- Place of origin:
2nd century (made)
- Materials and Techniques:
Mottled red sandstone
- Museum number:
- Gallery location:
South Asian Sculpture, Room 47b, case EXP
This double-sided pillar bracket relief was reportedly recovered from a Jain stupa (shrine) site at Mathura. Carved in mottled red sandstone, it represents Vrikshaka, a female nature-spirit guardian (yakshi).
She stands with her right arm raised over her head to hold the branch of a flowering Ashoka tree and is decked with courtly jewellery. Her left hand rests on the richly bejewelled girdle which she wears on her hips. Around her neck she wears two bead-necklaces, each forearm is covered with bracelets and her ears have large jewelled earplugs. The figure is seemingly naked. However, a ridge across the stomach and the sash falling down her left side indicate a skirt of transparent diaphanous fabric, perhaps a fine muslin.
At some point in its post-excavation history this relief was sawn into two. This enabled both faces to be exhibited and it was assigned two museum numbers (IM.72-1927 and IM.73-1927). It was restored as a single object in the 1980s.
Part of a curving gateway (torana) bracket decorated with a shalabhanjika or yakshi holding a branch of a tree with long, lanceolate leaves. This is one half of the bracket which has a similar figure on the reverse ( IM.73-1927). It was formerly sliced in two for display purposes, but is now rejoined. The figure is damaged having been cut off at the knees and she has also lost both hands and a portion of her left breast. Her hair is smoothed over her head with a shallow, oval bun at the front. She wears courtly jewellery, including ear-lobe ornaments, two bead necklaces and arm bangles from her wrists almost to her elbows. She also wears a belt round her hips made of over-lapping fish-scale-like segments with an elaborate central clasp. This belt secures a diaphanous skirt (antariya) which has a narrow girdle in front below her waist, which leaves the rest of her lower body nude. There is a looped sash shown behind her on her right and folds of the skirt are visible between her legs. This bracket belonged to a ceremonial gateway (torana) marking an entrance to a shrine, recorded as coming from a Jain stupa at the time of acquisition, but possibly actually from a Budhist site.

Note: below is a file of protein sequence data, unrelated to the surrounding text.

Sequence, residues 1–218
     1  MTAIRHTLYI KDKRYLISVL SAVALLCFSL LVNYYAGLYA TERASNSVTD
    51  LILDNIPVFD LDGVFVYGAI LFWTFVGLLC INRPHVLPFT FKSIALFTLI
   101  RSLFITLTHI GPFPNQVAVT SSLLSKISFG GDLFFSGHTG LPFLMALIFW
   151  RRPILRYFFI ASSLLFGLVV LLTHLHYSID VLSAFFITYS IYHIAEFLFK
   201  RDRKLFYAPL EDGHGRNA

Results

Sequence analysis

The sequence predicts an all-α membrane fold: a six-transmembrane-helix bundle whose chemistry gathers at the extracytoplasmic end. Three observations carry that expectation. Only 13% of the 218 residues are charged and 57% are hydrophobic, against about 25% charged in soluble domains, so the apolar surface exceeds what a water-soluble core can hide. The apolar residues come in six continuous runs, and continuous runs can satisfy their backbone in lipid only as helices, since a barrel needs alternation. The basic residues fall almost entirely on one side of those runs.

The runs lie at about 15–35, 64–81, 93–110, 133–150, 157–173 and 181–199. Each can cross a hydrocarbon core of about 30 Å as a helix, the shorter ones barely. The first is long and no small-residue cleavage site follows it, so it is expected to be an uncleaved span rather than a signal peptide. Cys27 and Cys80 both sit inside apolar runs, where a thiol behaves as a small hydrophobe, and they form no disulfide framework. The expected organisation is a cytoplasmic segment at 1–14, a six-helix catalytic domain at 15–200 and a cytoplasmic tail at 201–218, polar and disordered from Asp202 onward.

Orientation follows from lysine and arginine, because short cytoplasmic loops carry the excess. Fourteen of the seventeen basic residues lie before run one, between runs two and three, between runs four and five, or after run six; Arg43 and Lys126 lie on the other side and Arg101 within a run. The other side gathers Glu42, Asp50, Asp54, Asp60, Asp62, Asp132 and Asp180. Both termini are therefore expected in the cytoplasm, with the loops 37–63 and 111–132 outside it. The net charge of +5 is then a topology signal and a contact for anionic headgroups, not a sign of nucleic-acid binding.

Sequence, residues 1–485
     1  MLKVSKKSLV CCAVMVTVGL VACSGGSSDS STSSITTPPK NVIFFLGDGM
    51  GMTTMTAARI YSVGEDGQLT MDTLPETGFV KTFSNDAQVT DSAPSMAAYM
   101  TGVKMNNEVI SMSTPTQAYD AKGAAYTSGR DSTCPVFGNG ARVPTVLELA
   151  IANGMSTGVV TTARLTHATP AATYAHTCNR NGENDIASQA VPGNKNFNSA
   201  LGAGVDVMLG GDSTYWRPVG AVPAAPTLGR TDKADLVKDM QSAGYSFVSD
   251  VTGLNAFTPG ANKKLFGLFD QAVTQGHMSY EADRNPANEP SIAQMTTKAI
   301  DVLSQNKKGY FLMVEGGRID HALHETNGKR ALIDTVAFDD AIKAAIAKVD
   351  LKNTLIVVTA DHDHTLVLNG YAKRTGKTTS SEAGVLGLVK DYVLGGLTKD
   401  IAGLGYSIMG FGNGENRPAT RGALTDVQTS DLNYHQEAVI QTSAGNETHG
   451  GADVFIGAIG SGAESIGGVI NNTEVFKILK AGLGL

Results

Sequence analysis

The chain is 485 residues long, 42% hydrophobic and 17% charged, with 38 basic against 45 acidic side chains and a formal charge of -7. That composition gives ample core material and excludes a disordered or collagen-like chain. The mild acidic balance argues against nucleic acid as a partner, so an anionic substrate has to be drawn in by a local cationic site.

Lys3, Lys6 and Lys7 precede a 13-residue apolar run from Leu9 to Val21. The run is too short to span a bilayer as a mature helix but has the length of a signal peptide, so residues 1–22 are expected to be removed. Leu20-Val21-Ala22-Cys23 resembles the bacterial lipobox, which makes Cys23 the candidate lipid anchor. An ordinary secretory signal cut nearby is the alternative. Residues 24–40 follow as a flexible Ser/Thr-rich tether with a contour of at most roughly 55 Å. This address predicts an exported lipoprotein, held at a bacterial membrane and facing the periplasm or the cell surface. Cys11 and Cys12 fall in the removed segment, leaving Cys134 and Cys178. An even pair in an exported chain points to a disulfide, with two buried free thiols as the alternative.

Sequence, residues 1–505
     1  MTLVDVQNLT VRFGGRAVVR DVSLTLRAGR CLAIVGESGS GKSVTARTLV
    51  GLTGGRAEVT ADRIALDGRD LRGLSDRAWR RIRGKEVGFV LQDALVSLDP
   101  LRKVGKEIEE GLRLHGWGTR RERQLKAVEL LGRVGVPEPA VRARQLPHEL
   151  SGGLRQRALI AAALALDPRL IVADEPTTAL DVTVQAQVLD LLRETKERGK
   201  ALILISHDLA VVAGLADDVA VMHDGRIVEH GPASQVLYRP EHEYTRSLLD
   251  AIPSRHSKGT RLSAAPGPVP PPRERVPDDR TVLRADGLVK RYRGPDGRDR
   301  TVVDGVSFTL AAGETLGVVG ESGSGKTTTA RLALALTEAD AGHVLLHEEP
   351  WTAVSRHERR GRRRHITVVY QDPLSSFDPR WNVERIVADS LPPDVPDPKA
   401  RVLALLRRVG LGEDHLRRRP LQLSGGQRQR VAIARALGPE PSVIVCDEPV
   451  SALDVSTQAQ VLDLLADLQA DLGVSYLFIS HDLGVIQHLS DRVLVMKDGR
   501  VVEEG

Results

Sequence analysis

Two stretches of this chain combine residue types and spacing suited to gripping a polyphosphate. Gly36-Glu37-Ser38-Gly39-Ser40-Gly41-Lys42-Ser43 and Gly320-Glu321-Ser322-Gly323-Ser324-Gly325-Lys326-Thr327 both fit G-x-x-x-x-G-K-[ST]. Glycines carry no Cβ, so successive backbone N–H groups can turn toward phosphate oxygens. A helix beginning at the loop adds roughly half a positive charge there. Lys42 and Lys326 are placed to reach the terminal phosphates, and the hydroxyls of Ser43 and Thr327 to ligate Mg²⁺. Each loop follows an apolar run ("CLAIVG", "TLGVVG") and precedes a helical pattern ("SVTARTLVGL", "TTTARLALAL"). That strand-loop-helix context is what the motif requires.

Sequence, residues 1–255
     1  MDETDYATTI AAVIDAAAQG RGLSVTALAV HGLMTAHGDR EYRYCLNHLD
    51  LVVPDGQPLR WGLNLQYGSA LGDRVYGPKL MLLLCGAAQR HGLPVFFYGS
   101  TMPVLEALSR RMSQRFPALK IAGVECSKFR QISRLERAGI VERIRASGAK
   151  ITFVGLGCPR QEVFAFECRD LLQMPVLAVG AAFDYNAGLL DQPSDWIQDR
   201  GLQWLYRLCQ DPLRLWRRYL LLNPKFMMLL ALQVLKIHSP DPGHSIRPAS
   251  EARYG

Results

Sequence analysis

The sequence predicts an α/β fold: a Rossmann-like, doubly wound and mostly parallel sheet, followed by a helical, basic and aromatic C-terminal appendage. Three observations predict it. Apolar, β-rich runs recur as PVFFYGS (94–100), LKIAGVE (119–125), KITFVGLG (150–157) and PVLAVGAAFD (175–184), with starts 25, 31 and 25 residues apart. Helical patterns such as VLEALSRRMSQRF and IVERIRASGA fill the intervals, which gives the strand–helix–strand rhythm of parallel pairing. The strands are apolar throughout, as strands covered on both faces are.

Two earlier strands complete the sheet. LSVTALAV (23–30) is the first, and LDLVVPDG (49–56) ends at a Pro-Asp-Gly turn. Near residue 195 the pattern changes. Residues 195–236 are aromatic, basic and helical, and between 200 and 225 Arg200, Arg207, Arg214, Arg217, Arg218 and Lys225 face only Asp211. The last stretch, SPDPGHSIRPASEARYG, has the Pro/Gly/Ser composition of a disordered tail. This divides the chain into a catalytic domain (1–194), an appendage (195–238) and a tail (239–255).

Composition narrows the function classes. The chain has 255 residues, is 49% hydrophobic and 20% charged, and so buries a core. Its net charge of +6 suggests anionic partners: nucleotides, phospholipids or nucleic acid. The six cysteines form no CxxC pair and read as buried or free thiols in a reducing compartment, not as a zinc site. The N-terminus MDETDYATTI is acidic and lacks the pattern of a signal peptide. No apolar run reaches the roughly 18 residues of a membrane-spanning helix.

Place of Origin
2nd century (made)
Materials and Techniques
Mottled red sandstone
Height: 119 cm, Width: 58 cm, Depth: 30 cm, Weight: 290 kg
Object history note
Purchased from Imre Schwaiger in 1927
Historical context note
These tree spirits served as guardians in an architectural setting. They have their origins in the free-standing sculptures of female nature-cult figures (yakshi), of which many of the finest have been recovered in the region of Mathura. These figures, along with their male counterparts, provided the prototypes when anthropomorphic images were demanded to serve the devotional need of India's emerging new religions, Buddhism, Jainism and Hinduism. The religious affiliation of this particular bracket is not clear, but a Buddhist stupa is most probable. Similar figures have been excavated at Kushan-period sites in and around Mathura, such as the Kankali Tila stupa, Songk, and elsewhere.
Part of a rail pillar, red mottled sandstone, Mathura, northern India, 2nd century
Bibliographic References (Citation, Note/Abstract, NAL no)
Guy, John (ed.). L’Escultura en els Temples Indis: L’Art de la Devocio, Barcelona : Fundacio ‘La Caixa’, 2007. ISBN 9788476649466. p. 58, cat. 18.
Shermann E. Lee: A Kushan Yakshi Bracket, Artibus Asiae , Vol. XII, 1949, p184
Great Oriental Art Exhibition, Kyoto, Japan, 1977, pl. 5
'a yakshi in the Government Museum, Mathura', Oriental Art, Summer 1979, XXV, 2, p.250
Guy, John, Indian Temple Sculpture, V&A Publications, London, 2007. p.18, pl.9.ISBN 9781851775095
Guy, John. ‘Indian Temple Sculpture’, London : V&A Publications, 2007. p.18, pl.9.
p. 12, fig.2.
Ashmore, Sonia. "Muslin", London, V&A Publishing, 2012.
Ayers, J. Oriental Art in the Victoria and Albert Museum, London 1983, ISBN 0-85667-120-7
Irwin, John C., Indian Art, Victoria and Albert Museum, London: H. M. Stationery Office, 1968
Irwin, John, C., A Brief Guide to Indian Art, H.M.S.O. 1962
fig. 1, pp. 4-5
Irwin, John; Indian Art: Victoria & Albert Museum departmental guide, H.M.S.O. ISBN 0 905209117, 1978
Orientations; vol. 40. no. 4; May 2009; The Robert H.N. Ho Family Foundation Gallery, Victoria & Albert Museum.
John Guy; Adoring the Stupa, Adoring the Buddha: Kushan Sculpture in the Victoria and Albert Museum p. 45
Labels and date
Bracket with Tree Spirits (Yakshi)
In early Indian cults yakshis were female nature spirits.
They were then absorbed into Buddhist and Jain worship
as images of fertility.This bracket is carved on each side
with a figure of a yakshi holding a flowering tree. It formed
part of a gateway marking one of the approaches to a
Buddhist or Jain stupa (relic mound).
Northern India (Mathura, Uttar Pradesh)
Museum nos. IM.72, 73-1927
TREE SPIRITS (YAKSHI)
Mathura, Uttar Pradesh, North India
2nd century A.D.
Yakshi were animistic Nature-spirits belonging to early Indian cults which were absorbed into Buddhist and Jain worship as images of fertility. These two figures formed part of an architectural gateway (torana) which would have marked one of the approaches to a stupa (relic mound).
IM 72 & 73-1927 
Mathura, Uttar Pradesh, northern India
South & South East Asia Collection